Stop me if you’ve heard this before, but the University of Louisville Cardinals have received an NCAA Notice of Allegations regarding their men’s basketball program.
Today the Cards got dealt another blow, with four more major allegations from the NCAA being put in print. For a program that’s already on probation until June of 2021 because of women being paid to have sex with recruits amongst other violations, it’s not a surprise but it also could become yet another hurdle.
The major allegations include:
A Level I allegation that an improper recruiting offer, and subsequent extra benefits to the family of an enrolled student athlete; and a recruiting inducement to a prospective student-athlete’s non-scholastic coach/trainer, were provided by certain individuals, purportedly identified and defined by the NCAA as “representatives of the university’s athletics interests”, none of whom had traditional connections to the University beyond their affiliation with Adidas or professional athlete management entities, as well as by a former assistant coach and a former associate head coach;
A Level II allegation of recruiting violations by the same two former men’s basketball coaching staff members in providing impermissible transportation and having impermissible contact in the context of recruitment-related activities;
A Level II allegation that the institution failed to adequately monitor the recruitment of an incoming, high-profile student-athlete;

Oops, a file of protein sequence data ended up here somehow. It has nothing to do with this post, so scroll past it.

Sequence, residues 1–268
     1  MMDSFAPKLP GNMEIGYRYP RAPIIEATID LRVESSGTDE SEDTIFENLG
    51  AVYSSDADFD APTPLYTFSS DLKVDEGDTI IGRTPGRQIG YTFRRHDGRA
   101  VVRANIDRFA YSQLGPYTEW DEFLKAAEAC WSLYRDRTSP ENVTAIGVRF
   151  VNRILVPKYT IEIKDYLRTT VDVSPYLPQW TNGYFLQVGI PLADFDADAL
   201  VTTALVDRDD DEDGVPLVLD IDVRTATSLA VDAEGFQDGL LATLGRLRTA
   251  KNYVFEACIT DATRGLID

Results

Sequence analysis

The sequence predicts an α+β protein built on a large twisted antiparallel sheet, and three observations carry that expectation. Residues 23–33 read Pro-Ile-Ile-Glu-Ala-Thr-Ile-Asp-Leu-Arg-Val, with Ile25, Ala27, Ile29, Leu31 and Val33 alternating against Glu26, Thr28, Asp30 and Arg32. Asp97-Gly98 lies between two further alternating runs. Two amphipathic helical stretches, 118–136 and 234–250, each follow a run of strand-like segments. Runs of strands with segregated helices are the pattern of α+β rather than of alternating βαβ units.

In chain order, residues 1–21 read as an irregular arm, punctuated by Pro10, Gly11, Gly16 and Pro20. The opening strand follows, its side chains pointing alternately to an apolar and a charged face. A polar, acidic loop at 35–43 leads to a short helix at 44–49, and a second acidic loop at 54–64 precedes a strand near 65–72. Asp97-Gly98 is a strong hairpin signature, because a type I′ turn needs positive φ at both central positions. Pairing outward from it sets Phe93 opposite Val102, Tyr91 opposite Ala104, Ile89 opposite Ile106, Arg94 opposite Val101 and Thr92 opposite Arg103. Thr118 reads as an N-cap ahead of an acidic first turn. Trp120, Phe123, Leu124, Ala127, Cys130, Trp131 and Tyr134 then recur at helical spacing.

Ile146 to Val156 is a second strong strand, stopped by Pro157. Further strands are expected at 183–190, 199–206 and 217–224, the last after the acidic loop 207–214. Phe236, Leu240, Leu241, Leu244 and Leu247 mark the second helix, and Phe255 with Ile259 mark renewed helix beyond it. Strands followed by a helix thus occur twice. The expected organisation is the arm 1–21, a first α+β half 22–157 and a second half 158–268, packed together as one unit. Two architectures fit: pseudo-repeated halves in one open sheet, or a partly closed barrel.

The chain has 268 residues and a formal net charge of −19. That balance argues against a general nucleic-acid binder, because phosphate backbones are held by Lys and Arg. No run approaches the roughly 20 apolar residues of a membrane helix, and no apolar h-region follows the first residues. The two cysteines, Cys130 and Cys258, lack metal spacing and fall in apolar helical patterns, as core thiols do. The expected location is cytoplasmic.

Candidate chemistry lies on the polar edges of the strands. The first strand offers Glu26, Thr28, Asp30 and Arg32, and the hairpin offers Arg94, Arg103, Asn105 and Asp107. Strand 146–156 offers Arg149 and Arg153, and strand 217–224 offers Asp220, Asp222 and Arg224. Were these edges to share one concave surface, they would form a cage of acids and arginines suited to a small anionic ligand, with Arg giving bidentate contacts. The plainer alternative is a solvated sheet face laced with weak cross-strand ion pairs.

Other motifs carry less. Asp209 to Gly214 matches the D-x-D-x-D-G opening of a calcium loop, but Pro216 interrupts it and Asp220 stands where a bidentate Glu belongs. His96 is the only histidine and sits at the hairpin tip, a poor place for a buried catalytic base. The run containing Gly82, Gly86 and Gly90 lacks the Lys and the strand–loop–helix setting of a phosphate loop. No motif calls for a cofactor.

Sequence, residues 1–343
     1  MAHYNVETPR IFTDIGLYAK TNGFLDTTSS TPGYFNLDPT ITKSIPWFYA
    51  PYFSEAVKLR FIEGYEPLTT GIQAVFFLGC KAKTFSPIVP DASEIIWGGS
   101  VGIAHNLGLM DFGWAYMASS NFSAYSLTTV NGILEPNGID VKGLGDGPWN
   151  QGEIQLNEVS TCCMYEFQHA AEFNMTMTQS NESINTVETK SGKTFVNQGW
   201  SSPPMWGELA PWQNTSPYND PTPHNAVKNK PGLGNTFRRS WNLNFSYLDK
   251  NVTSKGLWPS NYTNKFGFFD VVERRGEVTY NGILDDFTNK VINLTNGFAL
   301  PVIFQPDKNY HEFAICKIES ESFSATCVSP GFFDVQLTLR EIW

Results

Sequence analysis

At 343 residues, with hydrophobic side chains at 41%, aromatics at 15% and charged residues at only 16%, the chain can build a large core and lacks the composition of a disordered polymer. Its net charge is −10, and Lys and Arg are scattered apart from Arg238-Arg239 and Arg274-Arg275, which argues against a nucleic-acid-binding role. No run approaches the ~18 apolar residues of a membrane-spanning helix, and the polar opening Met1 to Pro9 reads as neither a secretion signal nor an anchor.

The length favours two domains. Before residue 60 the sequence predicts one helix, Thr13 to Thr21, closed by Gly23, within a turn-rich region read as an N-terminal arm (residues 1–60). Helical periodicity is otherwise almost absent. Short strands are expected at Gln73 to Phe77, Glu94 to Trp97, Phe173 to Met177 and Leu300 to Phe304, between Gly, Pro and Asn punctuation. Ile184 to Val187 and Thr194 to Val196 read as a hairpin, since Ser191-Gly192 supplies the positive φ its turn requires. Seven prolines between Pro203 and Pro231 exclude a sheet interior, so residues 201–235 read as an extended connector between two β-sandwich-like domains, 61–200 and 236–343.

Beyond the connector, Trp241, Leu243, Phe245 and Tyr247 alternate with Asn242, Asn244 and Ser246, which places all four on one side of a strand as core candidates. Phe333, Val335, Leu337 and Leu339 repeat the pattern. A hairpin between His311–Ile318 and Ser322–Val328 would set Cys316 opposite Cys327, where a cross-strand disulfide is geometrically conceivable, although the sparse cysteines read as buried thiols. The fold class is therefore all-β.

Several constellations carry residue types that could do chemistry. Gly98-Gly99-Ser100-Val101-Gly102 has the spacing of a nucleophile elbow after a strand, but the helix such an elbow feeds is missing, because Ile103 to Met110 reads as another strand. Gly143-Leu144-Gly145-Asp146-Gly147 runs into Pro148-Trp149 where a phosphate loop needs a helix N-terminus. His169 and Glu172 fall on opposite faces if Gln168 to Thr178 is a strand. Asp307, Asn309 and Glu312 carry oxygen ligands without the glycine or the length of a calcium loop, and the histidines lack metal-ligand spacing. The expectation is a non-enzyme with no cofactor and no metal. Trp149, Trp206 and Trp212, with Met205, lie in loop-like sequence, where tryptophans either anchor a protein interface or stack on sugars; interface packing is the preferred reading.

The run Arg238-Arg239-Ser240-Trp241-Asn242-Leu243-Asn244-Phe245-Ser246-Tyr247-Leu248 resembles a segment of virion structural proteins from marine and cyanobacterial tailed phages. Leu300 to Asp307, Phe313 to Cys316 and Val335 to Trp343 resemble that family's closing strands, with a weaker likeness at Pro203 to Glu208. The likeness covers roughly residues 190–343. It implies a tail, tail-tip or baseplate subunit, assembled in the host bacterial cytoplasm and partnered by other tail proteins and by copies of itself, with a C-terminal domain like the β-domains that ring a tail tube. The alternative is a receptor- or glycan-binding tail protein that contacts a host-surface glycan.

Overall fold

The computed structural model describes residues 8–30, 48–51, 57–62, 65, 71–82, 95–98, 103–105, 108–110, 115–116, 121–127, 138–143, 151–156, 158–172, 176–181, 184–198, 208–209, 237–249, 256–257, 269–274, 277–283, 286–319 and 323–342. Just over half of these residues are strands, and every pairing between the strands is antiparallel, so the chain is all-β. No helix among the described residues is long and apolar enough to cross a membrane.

A Level II allegation that the former head men’s basketball coach did not satisfy his head coach responsibility when he failed to promote an atmosphere of compliance;
The Level I allegation, which is the one that should cause the most headaches for Louisville, is related to the recruitment of five-star prospect Brian Bowen. The guilt on this one seems extremely clear-cut.
The Level II allegation of a former head men’s basketball coach failing to promote an atmosphere of compliance will cause the most headaches for new Iona head coach Rick Pitino. The penalties could include a forced suspension from the sidelines for up to 50% of the Gaels games this season.
The good news for Louisville is that every single person implicated in wrongdoing here is no longer with U of L. From the university president to the athletic director and down to the director of basketball operations, everyone charged in the multiple scandals involving the later-vacated 2013 national champions is no longer on the payroll. However this is the NCAA, where the wheels of justice turn with the logic of a single roulette spin.
And the bad news is programs that are already on probation and receive major violations tend to get the hammer. It will likely be short of the death penalty, but the loss of postseason eligibility and multiple scholarships are in play here.
This won’t make things easier for Cardinals head coach Chris Mack, who had the #14 team in the AP Poll when the season stopped in March. But he will likely have to carry the burden of his predecessors. Athletic director Vince Tyra sounds confident they won’t miss the NCAA Tournament in 2021, but the hubris of AD’s in this same situation has happened before.
As with all NCAA investigations reading the tea leaves can be a fool’s errand, so we’ll see which way the wind is blowing on decision day.